Recovery-focussed care: How it can be utilized to reduce aggression in the acute mental health setting
MetadataShow full item record
© 2017 Australian College of Mental Health Nurses Inc. Consumer aggression is common in the acute mental health inpatient setting. Mental health nurses can utilize a range of interventions to prevent aggression or reduce its impact on the person and others who have witnessed the event. Incorporating recovery-focussed care into clinical practice is one intervention, as it fosters collaborative partnerships with consumers. It promotes their engagement in decisions about their care and encourages self-management of their presenting behaviours. It also allows the consumer to engage in their personal recovery as their mental health improve. Yet there is a paucity of literature on how nurses can utilize recovery-focussed care with consumers who are hospitalized and in the acute phase of their illness. In the present study, we report the findings of a scoping review of the literature to identify how recovery-focussed care can be utilized by nurses to reduce the risk of consumer aggression. Thirty-five papers met the inclusion criteria for review. Four components were identified as central to the use of recovery-focussed care with consumers at risk of becoming aggressive: (i) seeing the person and not just their presenting behaviour; (ii) interact, don't react; (iii) coproduction to achieve identified goals; and (iv) equipping the consumer as an active manager of their recovery. The components equip nurses with strategies to decrease the risk of aggression, while encouraging consumers to self-manage their challenging behaviours and embark on their personal recovery journey. Further research is required to evaluate the translation of these components clinically in the acute care setting.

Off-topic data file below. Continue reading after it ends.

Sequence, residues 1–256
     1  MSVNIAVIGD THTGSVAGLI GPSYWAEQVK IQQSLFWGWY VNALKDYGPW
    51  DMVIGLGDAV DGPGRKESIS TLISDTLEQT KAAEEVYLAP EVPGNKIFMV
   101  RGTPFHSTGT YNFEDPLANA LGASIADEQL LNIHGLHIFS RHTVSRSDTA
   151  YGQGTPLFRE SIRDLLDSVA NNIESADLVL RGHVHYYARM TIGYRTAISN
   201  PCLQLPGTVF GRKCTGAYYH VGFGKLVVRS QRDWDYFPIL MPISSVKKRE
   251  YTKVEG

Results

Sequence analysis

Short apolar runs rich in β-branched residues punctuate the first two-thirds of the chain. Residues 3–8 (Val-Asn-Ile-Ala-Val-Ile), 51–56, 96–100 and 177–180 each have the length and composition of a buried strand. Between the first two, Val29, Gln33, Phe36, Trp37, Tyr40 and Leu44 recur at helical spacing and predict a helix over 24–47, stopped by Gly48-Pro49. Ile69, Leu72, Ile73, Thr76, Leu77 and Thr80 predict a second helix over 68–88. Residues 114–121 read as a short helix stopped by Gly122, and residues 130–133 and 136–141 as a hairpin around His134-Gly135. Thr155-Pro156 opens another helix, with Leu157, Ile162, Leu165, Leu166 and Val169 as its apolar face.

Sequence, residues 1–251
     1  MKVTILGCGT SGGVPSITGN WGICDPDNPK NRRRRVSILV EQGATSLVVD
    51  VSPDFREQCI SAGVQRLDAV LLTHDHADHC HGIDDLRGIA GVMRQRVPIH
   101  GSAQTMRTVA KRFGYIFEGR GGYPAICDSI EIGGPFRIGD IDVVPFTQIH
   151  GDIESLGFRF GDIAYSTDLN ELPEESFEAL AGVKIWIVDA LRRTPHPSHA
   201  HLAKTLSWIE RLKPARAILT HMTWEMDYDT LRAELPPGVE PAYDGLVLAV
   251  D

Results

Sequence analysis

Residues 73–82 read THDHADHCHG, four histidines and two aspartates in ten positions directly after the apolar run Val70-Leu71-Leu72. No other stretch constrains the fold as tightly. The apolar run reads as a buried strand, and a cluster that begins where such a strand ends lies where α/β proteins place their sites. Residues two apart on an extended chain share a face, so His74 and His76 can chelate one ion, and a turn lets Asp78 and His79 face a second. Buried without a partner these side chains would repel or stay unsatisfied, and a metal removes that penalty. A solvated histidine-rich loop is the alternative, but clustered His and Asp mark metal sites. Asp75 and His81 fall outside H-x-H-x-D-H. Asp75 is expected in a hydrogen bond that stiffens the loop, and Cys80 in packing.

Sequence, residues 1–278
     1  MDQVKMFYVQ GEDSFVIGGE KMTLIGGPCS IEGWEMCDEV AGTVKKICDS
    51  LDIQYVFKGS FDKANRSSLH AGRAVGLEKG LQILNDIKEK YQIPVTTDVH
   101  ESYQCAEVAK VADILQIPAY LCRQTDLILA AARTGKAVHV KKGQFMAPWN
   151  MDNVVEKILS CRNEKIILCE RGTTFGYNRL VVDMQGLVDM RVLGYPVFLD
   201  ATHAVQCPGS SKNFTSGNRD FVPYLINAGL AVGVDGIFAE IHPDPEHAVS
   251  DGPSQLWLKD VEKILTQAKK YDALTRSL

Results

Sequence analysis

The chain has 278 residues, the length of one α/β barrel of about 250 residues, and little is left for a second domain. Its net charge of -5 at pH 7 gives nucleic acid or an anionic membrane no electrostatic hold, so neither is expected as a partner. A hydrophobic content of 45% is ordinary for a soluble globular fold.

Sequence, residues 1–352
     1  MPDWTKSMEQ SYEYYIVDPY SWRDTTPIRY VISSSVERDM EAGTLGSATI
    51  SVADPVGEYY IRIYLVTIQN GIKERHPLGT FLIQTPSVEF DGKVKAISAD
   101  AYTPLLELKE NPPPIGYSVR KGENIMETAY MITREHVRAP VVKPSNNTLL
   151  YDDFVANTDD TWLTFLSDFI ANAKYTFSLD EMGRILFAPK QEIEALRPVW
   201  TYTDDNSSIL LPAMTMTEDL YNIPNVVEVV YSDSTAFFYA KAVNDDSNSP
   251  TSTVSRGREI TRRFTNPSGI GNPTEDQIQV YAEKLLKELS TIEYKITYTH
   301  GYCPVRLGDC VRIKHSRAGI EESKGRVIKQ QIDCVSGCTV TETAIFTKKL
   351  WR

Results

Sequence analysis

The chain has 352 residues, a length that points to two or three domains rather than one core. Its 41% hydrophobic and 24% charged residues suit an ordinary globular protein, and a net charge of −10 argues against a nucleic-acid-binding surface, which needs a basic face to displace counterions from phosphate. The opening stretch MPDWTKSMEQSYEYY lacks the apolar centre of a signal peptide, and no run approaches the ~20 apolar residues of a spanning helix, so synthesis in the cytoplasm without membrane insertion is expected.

Showing items related by title, author, creator and subject.
Changing practice using recovery-focused care in acute mental health settings to reduce aggression: A qualitative studyLim, E.; Wynaden, Dianne; Heslop, Karen (2019)Consumer aggression is common in acute mental health settings and can result in direct or vicarious psychological or physical impacts for both consumers and health professionals. Using recovery-focused care, nurses can ...
Nurses' attitudes towards the use of PRN psychotropic medications in acute and forensic mental health settings.Barr, L.; Wynaden, Dianne; Heslop, K. (2017)Many countries now have national mental health policies and guidelines to decrease or eliminate the use of seclusion and restraint yet the use of Pro Re Nata (PRN) medications has received less practice evaluation. This ...
The provision of physical health care by nurses to young people with first episode psychosis: A cross-sectional studyChee, G.; Wynaden, Dianne; Heslop, Karen (2018)© 2018 John Wiley & Sons Ltd What is known on the subject?: This paper addresses an identified gap in the international literatures related to physical health care of young people with first episode psychosis. Previous ...